[vii] I’ve spoken with several Mormon missionaries (“elders”) about this very subject.  They tend to be cagey when it comes to Joseph Smith’s “revelations” that God is an exalted man who was once was much like us.  But pressed on the subject, they capitulate – though the subject is quickly turned elsewhere.  The confusing part is that Mormons use virtually identical theological terminology.  But as I pointed out to them, if I describe my wife to someone, yet my physical description of her is different than what she looks like, and my description of her personality is different, then I’m not talking about my wife.  I’m talking about someone else.  It matters not one bit that I call her by her correct name.

[viii] For another interesting take on the controversy, and a defense of the fact different Gods are in view: Cochran, Matthew. “Wheaton is Right: the Christian and Muslim Gods are Different.”  From: http://thefederalist.com/2015/12/21/wheaton-is-right-the-christian-and-muslim-gods-are-different/.  Posted 21 Dec 2015.  Accessed 11 Jan 2016.

Leave a comment

Filed under In the News, Politics, Religion, Theology

A Bane of Non-theism: Unalienable Rights

The Declaration of Independence contains these famous words:

“We hold these truths to be self-evident, that all men are created equal, that they are endowed by their Creator with certain unalienable Rights, that among these are Life, Liberty, and the pursuit of Happiness.”

What isn’t always understood by modern ears, is the exact meaning of “unalienable” (identical in meaning to “inalienable” – used interchangeably here).  It’s not a word most Americans use every day.  The word is defined as “that which cannot be given away or taken away.”  When the Founder’s wrote of “unalienable rights” they meant that there are certain rights that cannot be taken away, namely, life, liberty, the pursuit of happiness, and equality.  While individuals and governments can certainly take away these things, they cannot take away the rights to those same things.  For example, someone can take away my car by theft, but he cannot take away my rights to that car, since it’s mine.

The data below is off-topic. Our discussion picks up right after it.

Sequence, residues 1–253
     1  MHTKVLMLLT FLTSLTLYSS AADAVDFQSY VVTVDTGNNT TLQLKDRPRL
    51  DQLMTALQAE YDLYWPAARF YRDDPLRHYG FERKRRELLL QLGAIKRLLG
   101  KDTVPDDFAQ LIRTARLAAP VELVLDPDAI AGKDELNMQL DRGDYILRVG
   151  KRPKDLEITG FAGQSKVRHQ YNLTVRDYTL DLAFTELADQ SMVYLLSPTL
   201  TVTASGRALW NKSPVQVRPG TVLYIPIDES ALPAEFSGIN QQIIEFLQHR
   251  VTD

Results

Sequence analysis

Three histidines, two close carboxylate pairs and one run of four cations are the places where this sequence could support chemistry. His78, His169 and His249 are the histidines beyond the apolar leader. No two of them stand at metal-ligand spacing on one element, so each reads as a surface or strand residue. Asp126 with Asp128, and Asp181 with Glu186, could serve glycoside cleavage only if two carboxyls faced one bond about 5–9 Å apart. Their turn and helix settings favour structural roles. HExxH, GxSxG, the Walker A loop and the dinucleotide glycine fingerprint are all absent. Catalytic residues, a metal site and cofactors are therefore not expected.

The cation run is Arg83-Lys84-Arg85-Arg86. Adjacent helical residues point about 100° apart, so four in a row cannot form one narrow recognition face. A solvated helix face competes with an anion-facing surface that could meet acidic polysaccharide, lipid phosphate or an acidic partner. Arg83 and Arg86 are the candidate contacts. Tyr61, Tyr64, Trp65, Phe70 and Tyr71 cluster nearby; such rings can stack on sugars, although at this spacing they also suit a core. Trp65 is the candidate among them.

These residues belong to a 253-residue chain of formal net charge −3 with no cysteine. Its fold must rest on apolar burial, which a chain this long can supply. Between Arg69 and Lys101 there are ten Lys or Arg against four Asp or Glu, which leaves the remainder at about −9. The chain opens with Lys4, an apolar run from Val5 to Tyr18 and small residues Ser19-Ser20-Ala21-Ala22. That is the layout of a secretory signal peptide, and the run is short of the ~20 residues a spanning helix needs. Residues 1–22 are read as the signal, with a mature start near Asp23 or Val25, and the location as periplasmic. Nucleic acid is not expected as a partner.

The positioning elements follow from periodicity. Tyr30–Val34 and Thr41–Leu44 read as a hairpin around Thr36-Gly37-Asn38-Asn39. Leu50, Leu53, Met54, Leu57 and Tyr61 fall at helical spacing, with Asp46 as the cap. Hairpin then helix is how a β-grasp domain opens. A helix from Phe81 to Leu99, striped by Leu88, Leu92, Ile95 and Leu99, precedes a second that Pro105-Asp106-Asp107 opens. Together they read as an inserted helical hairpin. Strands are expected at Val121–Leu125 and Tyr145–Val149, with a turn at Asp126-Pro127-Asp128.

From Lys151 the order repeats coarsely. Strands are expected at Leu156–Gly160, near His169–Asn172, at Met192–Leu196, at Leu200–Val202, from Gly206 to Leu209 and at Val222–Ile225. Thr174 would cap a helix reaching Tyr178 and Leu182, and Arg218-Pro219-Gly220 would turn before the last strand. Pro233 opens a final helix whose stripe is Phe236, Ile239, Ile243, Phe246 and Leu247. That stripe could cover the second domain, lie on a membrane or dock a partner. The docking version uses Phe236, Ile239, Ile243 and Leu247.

Think about these rights for a moment.  If these ideas (life, liberty, etc.) are indeed rights, then there is a right-ness to keeping them, and a wrong-ness to taking them away.  It is wrong to unjustly take away someone’s life, for instance.  But by whose authority is it wrong?  And who decided that certain aspects of our existence were actual rights?  Such language implies – no, demands – an authority.  But who or what can bestows upon human beings rights?  Can governments?  Certainly a group of leaders can give rights by the laws they enact and then enforce.  But these are not unalienable.  They are only as good as the paper they are printed on and the remembrance of those who in power who choose to enforce them.  Given rights can be taken away, inherent rights cannot.  Humans can give rights, but cannot instill an inherent (inalienable) right.

What the Founder’s understood is that in order for there to be such a thing as an unalienable right, it must have been bestowed by the Creator.  In other words, there must be a transcendent being who created us with these rights.  In the same vein, any moral code of right and wrong, if it is to be taken as absolute, must transcend us all.  Otherwise, right and wrong, good and evil, are just opinions, varying by culture and individual.  If there is no higher authority, one who is above all human institutions, unalienable rights cannot be established.

So how is this a “bane” for non-theism?  Because they cannot affirm the most fundamental statement of the Declaration.  To accept it as true would be either hypocritical or inconsistent with their belief system.  Yet this sentence is not only one of the most famous in our nation’s history, it is also one of the most important; for it lays the foundation for the rest of the document, as well as the Constitution and Bill of Rights.  This is perhaps the primary reason non-theists have rarely been elected to the Congress, and never to the Presidency – at least those who are openly so.  Most Americans still intuitively understand what our Founding Fathers knew:  God himself gave us our rights, and there is an unspoken fear that those who do not hold the same values will be the ones who initiate the change to take away those same rights.